This is a genuine crisis, but it is likely to go for months. If the prime minister is relying purely on medical advice, at some point it may be advisable for him to step back from the daily press conferences and leave the communication of this public health crisis to the public health experts. Communications from politicians, no matter how astute, reported by journalists, no matter how accurate, are no substitute for properly considered medical advice from experts. A mass communication campaign is well overdue.
At a joint press conference after their COAG meeting in Parramatta today, NSW premier Gladys Berejiklian said that state and territory leaders were grateful “to hear directly from the governor of the Reserve Bank and the head of the Treasury and to get up-to-date information, which my colleagues were appraised of, and they gave us good directives on the type of initiatives we should look at”, regarding how to protect the economy. “We will take that advice to our state treasuries and treasurers and formulate our respective responses. All of us are committed to doing our bit. We all want to make sure we get it right.”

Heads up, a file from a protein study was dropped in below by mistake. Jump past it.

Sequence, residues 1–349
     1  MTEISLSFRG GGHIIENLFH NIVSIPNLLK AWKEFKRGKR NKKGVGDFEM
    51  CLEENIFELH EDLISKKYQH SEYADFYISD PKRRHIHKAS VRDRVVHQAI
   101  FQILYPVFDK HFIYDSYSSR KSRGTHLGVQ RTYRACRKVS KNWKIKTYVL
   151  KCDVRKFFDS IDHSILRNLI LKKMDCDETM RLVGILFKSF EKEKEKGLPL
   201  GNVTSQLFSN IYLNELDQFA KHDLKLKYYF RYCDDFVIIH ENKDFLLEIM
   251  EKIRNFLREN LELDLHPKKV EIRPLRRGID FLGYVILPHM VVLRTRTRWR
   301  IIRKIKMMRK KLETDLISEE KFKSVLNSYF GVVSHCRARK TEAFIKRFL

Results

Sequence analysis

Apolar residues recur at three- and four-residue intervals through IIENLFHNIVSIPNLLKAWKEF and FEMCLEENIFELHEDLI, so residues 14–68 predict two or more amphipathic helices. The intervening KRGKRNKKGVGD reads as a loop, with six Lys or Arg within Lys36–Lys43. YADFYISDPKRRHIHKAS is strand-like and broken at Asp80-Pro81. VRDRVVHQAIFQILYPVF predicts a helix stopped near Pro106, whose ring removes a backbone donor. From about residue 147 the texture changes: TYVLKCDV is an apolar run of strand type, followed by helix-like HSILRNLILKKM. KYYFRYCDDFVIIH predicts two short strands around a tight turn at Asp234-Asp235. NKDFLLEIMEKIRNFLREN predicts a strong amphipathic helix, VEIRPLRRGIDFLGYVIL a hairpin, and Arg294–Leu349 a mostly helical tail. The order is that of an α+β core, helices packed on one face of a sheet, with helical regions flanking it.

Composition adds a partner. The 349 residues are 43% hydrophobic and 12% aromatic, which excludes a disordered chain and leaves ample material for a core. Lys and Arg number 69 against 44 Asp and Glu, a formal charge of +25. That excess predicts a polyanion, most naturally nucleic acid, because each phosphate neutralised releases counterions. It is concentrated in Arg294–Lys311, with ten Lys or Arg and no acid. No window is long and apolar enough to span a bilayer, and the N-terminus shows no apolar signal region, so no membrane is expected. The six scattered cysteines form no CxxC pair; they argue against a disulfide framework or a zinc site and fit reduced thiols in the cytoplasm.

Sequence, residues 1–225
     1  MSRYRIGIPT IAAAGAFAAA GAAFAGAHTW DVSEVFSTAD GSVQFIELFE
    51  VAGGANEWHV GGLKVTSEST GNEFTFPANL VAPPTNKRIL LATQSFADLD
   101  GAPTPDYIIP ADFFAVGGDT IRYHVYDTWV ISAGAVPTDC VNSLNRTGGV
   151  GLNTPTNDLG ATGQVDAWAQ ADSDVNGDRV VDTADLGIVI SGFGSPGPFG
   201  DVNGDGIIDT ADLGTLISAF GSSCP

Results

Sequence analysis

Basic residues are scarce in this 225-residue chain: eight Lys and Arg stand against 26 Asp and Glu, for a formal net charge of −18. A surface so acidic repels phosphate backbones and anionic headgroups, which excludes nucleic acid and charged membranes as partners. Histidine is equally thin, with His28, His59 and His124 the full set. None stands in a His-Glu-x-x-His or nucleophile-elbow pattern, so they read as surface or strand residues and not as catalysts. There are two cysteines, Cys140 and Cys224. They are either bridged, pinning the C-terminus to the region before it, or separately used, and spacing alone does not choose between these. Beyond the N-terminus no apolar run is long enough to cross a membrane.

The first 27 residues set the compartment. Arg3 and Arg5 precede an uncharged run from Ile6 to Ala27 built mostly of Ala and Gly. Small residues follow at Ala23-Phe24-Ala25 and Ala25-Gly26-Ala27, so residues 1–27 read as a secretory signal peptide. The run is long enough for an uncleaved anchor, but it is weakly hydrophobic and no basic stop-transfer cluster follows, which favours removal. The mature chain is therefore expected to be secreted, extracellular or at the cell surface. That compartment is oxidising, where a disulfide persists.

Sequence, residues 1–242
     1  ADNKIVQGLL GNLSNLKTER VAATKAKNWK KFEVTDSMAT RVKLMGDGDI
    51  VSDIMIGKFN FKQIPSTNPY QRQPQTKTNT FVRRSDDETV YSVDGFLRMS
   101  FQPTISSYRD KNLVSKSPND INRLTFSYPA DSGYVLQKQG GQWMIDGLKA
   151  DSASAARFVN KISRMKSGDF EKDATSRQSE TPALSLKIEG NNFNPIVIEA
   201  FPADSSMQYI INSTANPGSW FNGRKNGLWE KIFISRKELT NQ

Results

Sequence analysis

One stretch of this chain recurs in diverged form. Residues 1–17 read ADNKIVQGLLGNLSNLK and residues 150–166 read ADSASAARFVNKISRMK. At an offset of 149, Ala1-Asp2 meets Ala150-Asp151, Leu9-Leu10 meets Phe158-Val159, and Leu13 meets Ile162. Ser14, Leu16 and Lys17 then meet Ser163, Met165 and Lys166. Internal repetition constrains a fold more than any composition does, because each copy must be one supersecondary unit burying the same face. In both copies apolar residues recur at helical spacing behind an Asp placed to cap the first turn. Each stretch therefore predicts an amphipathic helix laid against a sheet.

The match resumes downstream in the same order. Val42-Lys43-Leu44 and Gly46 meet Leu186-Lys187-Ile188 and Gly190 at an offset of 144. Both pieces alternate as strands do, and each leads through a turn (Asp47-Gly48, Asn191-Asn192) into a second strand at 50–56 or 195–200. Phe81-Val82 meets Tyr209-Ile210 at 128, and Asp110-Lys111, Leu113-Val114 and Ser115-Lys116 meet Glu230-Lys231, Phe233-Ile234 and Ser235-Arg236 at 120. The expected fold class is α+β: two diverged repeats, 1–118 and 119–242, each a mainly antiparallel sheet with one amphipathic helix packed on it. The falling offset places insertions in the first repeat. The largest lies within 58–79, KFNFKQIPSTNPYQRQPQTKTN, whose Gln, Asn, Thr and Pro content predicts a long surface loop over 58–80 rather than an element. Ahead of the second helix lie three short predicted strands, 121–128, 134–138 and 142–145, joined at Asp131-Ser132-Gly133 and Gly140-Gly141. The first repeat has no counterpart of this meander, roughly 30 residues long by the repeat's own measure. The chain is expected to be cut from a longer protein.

Headlines suggest that privately, health experts are worried. As an example, a doctor wrote to me yesterday expressing his concern: “Ideally there’d be a formal support system gearing up to help the vulnerable stay home and out of harm’s way, while keeping food etc. delivered to their doors. A lot of elderly are not internet savvy and don’t have relatives who can look out for them, but are on pensions so should be traceable by FACS. I’m sceptical that this is being considered, as the time to implement this strategy is last week.”
But today’s coming-together of the Commonwealth, states and territories and their best economic and health advisers is reassuring. When chief medical officer Brendan Murphy was asked this afternoon whether the ban on mass gatherings that has been announced was the same as had been advised behind closed doors, he answered directly: “The recommendation is exactly as decided by HPPC [Australia’s Health Protection Principal Committee] before I met the premiers and the prime minister.” Good to hear. Put him in charge.